A Historical Romance: The World to Come Review

Skyler Johnson ‘22 Comics Section Editor

You don’t often see movies set in the 1800s. There are countless movies regarding the 1900s but few set in this period- save for films about the Civil War. This is probably because in American History, there seems to only be the pre-Civil War, the Civil War, and the post-Civil War. Then the 1900s happen. However, there was plenty that went on in the 1800s. It was an entire century, after all. 

Set in this time, The World to Come follows the romantic relationship between two married women farmers.

There is a chilling and beautiful atmosphere present throughout the film. The way that the world is conceived and how the people interact within it is something that’s both intriguing and unique. The characters have a particular way of speaking that isn’t shown, and have a unique and terrifying brutality that comes with the setting. You wouldn’t want to meet these people in real life. 

The movie is also beautiful in its setting. Both characters live on cozy farms that overlook beautiful mountains. They bake bread and drink wine in pretty glasses. The film doesn’t glamorize their lifestyles, it doesn’t make the 1800s look like the Ritz, but I wouldn’t be opposed to living there. 

There was also a nice soundtrack to compliment the movie. It matched the tone perfectly. 

The film’s main failure was in its execution. While the characters were compelling on a surface level, with a secret LGBT relationship at the forefront, the film failed to develop or resolve this conflict in a proper way. It’s hard to tell whether the protagonist is a lesbian or bisexual. She has sex with her husband, yet it’s never clear whether or not it’s because of pity or because she enjoyed it. This makes the scene in which she’s with her girlfriend problematic, as it’s seen as an affair and not an actual relationship.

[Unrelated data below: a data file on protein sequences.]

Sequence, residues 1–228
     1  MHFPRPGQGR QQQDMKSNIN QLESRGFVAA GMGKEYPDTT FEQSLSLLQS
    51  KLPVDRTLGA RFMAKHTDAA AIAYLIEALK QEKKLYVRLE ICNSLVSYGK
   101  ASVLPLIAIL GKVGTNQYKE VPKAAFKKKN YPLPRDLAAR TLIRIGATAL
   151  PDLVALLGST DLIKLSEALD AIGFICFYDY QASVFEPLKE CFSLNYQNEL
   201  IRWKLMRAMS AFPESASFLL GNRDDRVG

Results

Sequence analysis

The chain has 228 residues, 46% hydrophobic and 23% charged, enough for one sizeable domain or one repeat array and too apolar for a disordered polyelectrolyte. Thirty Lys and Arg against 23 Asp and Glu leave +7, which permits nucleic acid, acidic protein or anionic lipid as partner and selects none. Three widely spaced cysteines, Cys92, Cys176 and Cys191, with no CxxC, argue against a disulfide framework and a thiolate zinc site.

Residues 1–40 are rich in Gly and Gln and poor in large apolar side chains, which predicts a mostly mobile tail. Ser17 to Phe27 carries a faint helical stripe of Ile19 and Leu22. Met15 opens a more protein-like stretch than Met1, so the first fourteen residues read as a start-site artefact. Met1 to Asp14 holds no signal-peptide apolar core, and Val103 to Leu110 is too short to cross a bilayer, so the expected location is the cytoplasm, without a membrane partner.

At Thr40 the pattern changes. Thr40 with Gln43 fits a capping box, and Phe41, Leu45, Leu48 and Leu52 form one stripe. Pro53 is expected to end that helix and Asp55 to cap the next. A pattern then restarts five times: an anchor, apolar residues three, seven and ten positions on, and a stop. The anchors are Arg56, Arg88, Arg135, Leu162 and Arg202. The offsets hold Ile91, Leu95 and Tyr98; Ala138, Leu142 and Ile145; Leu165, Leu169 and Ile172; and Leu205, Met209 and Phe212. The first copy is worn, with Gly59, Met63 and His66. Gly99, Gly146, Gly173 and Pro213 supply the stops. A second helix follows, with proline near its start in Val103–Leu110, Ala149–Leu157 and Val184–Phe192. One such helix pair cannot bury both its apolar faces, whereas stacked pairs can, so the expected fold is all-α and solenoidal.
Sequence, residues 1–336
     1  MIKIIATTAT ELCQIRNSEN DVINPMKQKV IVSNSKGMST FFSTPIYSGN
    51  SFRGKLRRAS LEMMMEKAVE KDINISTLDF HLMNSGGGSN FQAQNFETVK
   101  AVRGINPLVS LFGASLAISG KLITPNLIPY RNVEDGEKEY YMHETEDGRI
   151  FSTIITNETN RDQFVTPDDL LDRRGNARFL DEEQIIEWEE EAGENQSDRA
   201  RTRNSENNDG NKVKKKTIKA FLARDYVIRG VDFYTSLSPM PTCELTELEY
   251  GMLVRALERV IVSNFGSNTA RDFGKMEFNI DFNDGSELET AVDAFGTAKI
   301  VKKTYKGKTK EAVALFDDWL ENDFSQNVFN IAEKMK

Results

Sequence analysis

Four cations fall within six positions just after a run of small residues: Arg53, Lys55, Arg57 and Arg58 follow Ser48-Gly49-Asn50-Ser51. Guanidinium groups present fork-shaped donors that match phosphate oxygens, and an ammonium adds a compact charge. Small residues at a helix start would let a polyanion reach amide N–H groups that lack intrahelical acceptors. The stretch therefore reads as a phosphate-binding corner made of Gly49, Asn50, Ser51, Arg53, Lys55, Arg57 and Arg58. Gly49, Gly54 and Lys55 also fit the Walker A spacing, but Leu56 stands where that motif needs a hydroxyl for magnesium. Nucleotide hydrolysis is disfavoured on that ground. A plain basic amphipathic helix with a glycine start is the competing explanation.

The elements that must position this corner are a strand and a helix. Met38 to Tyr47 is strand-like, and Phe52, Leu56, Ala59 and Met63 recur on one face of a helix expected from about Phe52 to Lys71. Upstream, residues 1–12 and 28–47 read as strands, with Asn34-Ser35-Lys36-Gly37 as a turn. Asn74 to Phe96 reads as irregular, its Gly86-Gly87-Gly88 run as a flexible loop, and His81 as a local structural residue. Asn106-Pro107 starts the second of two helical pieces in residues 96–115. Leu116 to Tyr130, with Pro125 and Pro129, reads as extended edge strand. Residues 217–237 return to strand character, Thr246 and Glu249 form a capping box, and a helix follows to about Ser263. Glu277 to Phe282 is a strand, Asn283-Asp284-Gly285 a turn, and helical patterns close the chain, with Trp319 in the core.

Adding to this is the fact that this woman experienced the death of a child, which makes this relationship seem like the result of guilt and not of love. This is not the only problematic part of the film. There’s also the inclusion of the classic cinema trope: burying of the gays, where an LGBT character is killed because of their sexuality. 

While atmospherically interesting, this is a problematic movie that you might want to avoid.

Show More

Leave a Reply

Your email address will not be published.

Back to top button